After years of trying to close an airport hated by many local residents, the city of Santa Monica reached a deal with federal officials allowing the city to shut down all operations at the airport by the end of 2028.
That’s a ways off, but the city is celebrating the agreement as a major victory, given the Federal Aviation Administration’s long resistance to the airport’s closure. State Assemblymember and former Santa Monica Mayor Richard Bloom called the deal a “watershed moment in Santa Monica history.”
Residents living near the airport have long complained about the effects of plane noise and pollution on their overall quality of life. And though small carriers and private plane owners have argued the small airport is a necessary hub serving the Westside, city officials have steadfastly advanced plans to shut down the airport and replace much of it with a park.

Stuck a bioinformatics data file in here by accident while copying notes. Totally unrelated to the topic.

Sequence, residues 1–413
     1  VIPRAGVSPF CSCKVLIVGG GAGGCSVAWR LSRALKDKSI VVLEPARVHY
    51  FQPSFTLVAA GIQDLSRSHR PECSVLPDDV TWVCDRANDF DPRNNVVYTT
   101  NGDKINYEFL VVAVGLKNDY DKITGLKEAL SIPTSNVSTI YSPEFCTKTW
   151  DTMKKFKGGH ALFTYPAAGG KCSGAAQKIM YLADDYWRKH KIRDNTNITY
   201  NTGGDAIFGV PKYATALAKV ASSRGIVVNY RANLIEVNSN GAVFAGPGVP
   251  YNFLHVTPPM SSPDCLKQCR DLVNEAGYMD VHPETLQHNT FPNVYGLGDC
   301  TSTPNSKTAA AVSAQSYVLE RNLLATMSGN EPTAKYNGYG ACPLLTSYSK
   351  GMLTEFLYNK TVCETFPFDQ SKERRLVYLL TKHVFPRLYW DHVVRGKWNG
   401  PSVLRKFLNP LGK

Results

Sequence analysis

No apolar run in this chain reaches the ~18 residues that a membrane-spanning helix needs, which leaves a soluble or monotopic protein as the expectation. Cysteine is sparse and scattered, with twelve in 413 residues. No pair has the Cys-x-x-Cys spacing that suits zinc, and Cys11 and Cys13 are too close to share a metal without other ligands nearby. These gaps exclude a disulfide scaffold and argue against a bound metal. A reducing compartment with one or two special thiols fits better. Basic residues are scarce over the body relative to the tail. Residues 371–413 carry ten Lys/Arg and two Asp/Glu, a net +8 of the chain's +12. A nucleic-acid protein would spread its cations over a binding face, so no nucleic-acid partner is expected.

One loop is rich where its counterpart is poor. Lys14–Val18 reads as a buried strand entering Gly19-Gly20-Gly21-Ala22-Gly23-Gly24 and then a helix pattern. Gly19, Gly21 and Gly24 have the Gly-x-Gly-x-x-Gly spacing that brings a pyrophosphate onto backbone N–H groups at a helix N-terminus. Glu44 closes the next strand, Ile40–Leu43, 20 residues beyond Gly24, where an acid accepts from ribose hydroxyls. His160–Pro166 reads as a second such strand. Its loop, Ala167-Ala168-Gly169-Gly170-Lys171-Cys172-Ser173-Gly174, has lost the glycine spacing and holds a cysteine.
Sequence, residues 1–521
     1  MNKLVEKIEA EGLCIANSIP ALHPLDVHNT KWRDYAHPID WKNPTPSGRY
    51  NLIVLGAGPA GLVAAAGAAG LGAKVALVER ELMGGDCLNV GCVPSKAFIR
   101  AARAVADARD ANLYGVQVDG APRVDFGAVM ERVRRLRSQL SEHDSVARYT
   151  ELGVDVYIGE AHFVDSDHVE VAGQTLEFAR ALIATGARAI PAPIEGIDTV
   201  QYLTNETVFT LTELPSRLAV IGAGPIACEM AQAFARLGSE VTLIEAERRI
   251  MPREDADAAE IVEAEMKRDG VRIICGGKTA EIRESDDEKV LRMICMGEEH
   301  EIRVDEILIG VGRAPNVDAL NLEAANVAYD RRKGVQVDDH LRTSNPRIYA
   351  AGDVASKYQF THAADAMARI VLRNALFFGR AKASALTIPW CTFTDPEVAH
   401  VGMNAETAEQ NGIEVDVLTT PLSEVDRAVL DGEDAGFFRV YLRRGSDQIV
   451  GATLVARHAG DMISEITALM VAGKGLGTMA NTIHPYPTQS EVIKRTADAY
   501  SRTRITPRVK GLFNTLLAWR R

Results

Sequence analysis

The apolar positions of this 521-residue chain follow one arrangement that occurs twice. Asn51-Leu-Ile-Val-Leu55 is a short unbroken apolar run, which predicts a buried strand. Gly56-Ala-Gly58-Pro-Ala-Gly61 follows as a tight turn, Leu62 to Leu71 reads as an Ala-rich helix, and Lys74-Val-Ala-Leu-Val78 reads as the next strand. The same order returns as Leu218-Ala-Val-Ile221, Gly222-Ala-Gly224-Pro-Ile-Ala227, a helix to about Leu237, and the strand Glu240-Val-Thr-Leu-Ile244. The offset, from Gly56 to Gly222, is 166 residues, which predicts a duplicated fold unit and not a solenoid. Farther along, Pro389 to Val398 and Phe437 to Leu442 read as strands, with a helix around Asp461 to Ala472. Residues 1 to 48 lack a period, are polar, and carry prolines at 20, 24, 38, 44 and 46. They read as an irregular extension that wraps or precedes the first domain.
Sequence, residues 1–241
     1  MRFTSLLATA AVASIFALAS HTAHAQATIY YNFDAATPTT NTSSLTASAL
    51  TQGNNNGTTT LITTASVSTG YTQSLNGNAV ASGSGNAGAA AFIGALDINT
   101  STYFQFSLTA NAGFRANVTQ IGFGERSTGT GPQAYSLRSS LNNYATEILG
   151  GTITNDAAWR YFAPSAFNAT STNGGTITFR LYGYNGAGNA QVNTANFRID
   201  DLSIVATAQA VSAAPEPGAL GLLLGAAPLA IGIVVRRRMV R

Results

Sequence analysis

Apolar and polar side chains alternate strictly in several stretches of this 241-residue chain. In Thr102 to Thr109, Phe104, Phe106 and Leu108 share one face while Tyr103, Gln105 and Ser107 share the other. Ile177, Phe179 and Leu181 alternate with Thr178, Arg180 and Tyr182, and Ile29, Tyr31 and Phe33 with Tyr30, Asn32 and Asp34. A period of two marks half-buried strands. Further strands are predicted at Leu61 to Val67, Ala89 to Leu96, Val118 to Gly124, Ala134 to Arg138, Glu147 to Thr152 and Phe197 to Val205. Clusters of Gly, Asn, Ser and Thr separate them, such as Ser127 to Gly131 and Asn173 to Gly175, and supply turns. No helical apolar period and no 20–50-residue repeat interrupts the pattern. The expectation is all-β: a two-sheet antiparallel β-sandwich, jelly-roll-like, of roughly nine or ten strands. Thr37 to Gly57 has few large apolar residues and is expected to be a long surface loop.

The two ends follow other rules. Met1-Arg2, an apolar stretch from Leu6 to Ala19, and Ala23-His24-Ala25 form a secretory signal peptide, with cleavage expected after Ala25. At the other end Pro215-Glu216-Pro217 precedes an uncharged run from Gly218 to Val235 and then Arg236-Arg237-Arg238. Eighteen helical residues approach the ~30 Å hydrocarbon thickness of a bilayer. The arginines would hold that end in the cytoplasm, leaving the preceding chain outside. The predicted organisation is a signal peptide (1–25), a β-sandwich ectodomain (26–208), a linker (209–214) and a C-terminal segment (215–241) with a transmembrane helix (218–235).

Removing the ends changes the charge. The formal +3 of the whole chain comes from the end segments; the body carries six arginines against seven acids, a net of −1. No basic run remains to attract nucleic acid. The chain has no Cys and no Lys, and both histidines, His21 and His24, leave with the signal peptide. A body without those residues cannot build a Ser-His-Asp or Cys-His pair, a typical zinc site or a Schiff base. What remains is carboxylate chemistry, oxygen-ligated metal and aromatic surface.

In August, a federal judge issued a ruling requiring the airport to stay open until at least 2023. The next week, the city council passed a resolution calling for the airport’s closure in 2018, along with a major expansion of the park that already exists at the site.
Now, local officials have acquiesced to the FAA’s demands to keep the airport operational for the next decade, but in exchange, the city will be allowed to shorten its runway, limiting the amount of jet traffic able to pass through the airport.
Santa Monica will also be able to provide its own fixed based operation service, meaning that tasks like refueling and maintenance will be carried out by the city itself, rather than a third-party organization.
The deal resolves dozens of court cases between the city and the FAA, and will clear the way for the city to redevelop the land once the airport officially closes on December 31, 2028.